BLACKFORESTBAUKULTUR a manifesto on how to develop an architectural language in rural spaces by Dr. Matthias Stippich from Echomar and KIT (Karlsruher Institut für Technologie). Matthias Stippich is an architect and urban designer with a passion for the regional specification in the digital age. Following this passion and after graduating from ETH Zurich in 2006 he joined the international doctoral college „Spatial Research Lab“. Furthermore he has held various positions as a guest lecturer at KIT Karlsruhe, TU Munich and AUS Sharjah. After completing his award-winning PhD he founded the Echomar Studio in 2014. Additionally he teaches architecture and urban design at KIT Karlsruhe and researches the regional specifications and their digital transformation into architecture.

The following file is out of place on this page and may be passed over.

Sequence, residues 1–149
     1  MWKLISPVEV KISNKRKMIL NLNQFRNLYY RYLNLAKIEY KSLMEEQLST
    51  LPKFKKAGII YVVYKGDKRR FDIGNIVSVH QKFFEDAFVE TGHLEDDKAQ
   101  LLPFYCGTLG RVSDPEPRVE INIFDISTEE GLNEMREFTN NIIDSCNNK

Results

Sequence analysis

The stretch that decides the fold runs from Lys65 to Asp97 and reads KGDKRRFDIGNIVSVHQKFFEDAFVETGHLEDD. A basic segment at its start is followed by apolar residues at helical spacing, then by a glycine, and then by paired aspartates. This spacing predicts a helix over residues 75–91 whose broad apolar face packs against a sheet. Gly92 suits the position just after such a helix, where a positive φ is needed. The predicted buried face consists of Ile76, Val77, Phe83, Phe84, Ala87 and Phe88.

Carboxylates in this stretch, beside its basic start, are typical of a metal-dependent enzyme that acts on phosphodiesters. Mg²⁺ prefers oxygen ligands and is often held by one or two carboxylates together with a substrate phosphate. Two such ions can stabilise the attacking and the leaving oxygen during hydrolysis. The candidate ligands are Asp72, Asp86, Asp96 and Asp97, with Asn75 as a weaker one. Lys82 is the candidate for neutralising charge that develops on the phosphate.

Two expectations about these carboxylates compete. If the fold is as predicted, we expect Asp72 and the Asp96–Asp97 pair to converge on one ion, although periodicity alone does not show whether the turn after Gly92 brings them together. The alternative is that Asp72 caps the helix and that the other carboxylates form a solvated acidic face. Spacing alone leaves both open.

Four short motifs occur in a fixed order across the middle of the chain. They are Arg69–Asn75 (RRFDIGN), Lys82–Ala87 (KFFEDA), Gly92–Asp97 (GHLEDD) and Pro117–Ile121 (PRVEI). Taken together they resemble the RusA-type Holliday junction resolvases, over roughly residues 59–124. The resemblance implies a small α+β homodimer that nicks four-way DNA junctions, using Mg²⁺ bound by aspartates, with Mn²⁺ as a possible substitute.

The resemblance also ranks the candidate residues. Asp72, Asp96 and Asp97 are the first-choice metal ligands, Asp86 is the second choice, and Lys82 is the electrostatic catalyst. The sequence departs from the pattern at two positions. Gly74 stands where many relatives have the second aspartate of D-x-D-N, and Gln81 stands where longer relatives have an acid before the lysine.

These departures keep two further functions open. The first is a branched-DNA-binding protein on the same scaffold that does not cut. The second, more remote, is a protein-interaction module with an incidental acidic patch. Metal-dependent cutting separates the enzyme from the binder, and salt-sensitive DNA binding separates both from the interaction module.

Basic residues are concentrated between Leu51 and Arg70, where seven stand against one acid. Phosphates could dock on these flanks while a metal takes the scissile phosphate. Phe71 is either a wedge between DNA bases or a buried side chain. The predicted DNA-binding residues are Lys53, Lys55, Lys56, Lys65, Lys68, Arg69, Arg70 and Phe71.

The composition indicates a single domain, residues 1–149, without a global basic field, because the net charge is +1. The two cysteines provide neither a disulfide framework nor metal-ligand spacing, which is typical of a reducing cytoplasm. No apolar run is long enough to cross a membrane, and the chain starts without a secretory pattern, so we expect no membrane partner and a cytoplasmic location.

Making Sense: New approaches in tackling urban environmental challenges presents findings from the European Commission H2020 funded research project Making Sense, and is authored by Dr. Saskia Coulson, Mel Woods, Dr. Michelle Scott and Dr. Drew Hemment. Mel Woods is a reader in Creative Intelligence at the Unversity of Dundee, her research focuses on supporting people with knowledge and information exchange for change making. She is the lead investigator with AHRC Design in Action, H2020 Making Sense and H2020 The GROW Observatory. Dr. Michelle Scott is a researcher with Making Sense at the University of Dundee where her research focuses on participatory sensing. Previously she has worked at the Centre of Sustainability at the University of Otago and completed her PhD in HCI at the Madeira Interactive Technologies Institute.